Junior Smokejumper Program Offered in West Yellowstone, Montana - a Free Learning Program Just for Kids
Looking for a fun learning experience for kids this summer when visiting Yellowstone Park? The Junior Smokejumper Program, located in West Yellowstone Montana at the west entrance, is offered Monday through Saturday mornings throughout the summer. It’s a 2 ½ hour program just for kids from 6-12 years old and it’s free.
Parents or grandparents should register between 8:30 – 9:00 AM at the Historic Ranger Station, located at the east end of the West Yellowstone, Montana Visitor Center parking lot, just before entering the west entrance to Yellowstone National Park. Adults are welcome, but not required, to participate.
The Junior Smokejumper program is an action-packed program that introduces topics including:
· Fire Ecology - the science of fire, oxygen and heat and how firefighters work to control fire by removing one of these elements. Discussion touches on forest structure, fire behavior and the positive and negative aspects of fire.
· Jump Suit and Parachutes - an up-close look at the gear used by Smokejumpers. Visitors get to do ground activities jumping from the door of our practice plane and some group game activities with a parachute where they learn to work together as a team.
· Wildland Gear and Cargo - wildland clothing and gear is critical to wildland fire fighting. Learn how heavy the gear is, how cargo drops supply the firefighters and how cleanup and "taking it all out" is a critical part of firefighting.
· Tools and Fire Shelter - the tools and shovels that support the hard work of digging a fire line and the safety aspects of the Fire Shelter. This unit has age-appropriate activities for both older and younger youth and enforces the lessons of the fire ecology lesson about available fuel.
· Physical Fitness - this brisk walk on the woodchip trail perimeter reinforces the importance of physical fitness. This activity moves into exercises to allow youth to demonstrate their level of fitness and shows practice exercises to improve fitness.
· Graduation - participants complete the graduation test as a group and photos are taken to commemorate.
The National Smokejumper Center is a non-profit organization incorporated in the state of Montana with 501 c (3) status. The National Smokejumper Center emphasizes the stewardship mission of wild land fire operations and the vital role smokejumpers and other fire fighters play in ecosystem management. It is designed to spark children’s interest in their natural surroundings.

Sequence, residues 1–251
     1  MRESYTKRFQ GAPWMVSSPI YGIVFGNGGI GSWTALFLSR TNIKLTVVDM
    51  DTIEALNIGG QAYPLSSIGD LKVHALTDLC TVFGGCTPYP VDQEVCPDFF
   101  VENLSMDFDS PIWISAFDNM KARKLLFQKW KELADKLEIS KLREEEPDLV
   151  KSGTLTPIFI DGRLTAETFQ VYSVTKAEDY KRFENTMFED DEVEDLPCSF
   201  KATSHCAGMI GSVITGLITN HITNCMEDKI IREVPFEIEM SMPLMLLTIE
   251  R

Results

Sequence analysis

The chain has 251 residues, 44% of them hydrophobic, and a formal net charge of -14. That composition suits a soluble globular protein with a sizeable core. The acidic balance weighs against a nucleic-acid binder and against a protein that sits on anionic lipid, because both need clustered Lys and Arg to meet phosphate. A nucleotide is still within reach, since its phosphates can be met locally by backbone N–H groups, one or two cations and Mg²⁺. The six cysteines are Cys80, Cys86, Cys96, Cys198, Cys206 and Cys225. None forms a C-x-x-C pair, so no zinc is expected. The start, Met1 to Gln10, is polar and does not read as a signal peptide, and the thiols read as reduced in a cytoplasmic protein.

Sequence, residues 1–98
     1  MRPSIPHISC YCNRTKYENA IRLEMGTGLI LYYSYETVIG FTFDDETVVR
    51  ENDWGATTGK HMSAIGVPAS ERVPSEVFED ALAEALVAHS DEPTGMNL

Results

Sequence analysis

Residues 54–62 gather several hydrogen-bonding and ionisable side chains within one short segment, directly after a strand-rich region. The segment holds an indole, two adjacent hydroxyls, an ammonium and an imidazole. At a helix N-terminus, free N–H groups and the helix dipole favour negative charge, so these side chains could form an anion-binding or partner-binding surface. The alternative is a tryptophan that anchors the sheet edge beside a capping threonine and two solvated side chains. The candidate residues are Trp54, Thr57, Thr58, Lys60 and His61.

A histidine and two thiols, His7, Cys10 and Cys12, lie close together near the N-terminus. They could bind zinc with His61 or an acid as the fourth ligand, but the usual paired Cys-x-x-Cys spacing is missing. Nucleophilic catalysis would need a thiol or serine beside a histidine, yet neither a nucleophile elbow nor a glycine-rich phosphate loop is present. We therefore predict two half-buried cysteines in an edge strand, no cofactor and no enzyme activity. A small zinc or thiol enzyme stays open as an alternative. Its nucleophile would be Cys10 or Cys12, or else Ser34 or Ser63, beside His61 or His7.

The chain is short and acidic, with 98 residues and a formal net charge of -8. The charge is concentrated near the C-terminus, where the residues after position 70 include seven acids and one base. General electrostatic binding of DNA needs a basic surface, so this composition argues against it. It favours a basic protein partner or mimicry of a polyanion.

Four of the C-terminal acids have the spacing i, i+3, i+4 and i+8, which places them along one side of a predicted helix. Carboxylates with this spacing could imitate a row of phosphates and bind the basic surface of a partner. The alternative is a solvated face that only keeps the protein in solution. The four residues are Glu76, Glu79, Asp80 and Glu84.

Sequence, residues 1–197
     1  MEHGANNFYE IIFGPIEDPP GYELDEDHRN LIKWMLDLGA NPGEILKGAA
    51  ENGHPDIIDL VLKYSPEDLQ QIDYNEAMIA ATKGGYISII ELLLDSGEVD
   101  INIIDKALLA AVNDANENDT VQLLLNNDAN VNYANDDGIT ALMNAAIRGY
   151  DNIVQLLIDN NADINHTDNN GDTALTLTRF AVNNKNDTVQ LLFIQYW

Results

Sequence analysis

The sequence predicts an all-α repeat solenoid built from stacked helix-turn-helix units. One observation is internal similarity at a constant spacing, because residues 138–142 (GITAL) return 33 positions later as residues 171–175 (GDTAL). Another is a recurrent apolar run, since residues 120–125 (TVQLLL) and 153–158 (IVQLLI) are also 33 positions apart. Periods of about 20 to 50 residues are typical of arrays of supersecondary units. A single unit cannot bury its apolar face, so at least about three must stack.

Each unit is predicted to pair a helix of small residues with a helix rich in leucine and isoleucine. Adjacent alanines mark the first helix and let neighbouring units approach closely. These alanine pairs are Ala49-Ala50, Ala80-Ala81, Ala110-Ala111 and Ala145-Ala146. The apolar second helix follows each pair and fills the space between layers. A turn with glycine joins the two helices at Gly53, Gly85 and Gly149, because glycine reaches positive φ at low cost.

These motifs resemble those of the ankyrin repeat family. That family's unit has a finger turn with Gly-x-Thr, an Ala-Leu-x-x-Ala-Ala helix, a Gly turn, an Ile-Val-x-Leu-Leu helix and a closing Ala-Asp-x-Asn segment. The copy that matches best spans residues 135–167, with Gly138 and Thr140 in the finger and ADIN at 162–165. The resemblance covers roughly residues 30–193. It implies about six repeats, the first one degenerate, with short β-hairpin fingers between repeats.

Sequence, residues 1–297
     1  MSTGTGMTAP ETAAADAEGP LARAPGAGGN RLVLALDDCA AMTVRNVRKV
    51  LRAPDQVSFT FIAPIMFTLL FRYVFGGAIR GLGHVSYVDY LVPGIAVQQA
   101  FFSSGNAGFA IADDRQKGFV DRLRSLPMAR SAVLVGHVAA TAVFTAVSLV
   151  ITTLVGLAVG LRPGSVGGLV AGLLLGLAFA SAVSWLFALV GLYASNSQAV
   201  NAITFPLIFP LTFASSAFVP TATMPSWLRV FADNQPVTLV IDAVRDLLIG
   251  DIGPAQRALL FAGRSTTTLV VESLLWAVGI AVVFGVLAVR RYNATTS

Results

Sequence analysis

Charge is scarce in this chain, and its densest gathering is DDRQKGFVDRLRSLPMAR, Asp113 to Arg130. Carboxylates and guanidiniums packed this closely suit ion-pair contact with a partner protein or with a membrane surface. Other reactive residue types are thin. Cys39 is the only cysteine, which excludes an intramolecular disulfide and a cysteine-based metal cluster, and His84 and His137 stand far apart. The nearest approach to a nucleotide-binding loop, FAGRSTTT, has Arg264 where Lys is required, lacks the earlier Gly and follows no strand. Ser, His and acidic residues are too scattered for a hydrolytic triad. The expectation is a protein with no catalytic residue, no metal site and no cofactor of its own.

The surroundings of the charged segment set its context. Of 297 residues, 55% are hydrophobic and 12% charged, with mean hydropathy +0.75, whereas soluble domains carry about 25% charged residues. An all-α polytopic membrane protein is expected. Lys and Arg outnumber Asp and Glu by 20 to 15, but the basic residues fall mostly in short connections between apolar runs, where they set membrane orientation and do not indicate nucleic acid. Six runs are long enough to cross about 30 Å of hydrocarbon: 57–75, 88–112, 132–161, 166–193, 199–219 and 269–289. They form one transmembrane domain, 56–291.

The goal of the NSC is to plant a seed in the minds of young people, their parents and grandparents to promote further learning. They focus on fire ecology because the 1988 fires shaped Yellowstone Park as it exists today.
The National Smokejumper Center began in 2006 when former US Forest Service worker and Smokejumper Barry Hicks and his wife, Linda, began a program to expose kids and their parents to a bit of their natural world. Utilizing an historic log ranger station from the old Madison National Forest as the base, they attracted kids and their parents to the facility with a Junior Smokejumper program, of great interest to young people, and then exposed them to ecological processes, notably the role of fire. They emphasized the point that fire in the forest can be both good and bad - bad, when it threatens people's lives and property, but good when it restores the habitat for wildlife and forests that we value. The program was expanded to include the Junior Smokejumpers, as well as educational courses and hands-on workshops.
This summer, the National Smokejumper Center is also completing a massive project moving a set of four historic ranger buildings to their new location at Dunbar Park on the western border of Yellowstone Park.
The National Smokejumper Center is made up of volunteers from all walks of life, mostly retirees and grandparents. A majority come from careers in natural resource management - smokejumpers, firefighters, foresters and biologists - joined by teachers and business people. Annually, over 36 volunteers contribute approximately 3,200 hours to the center.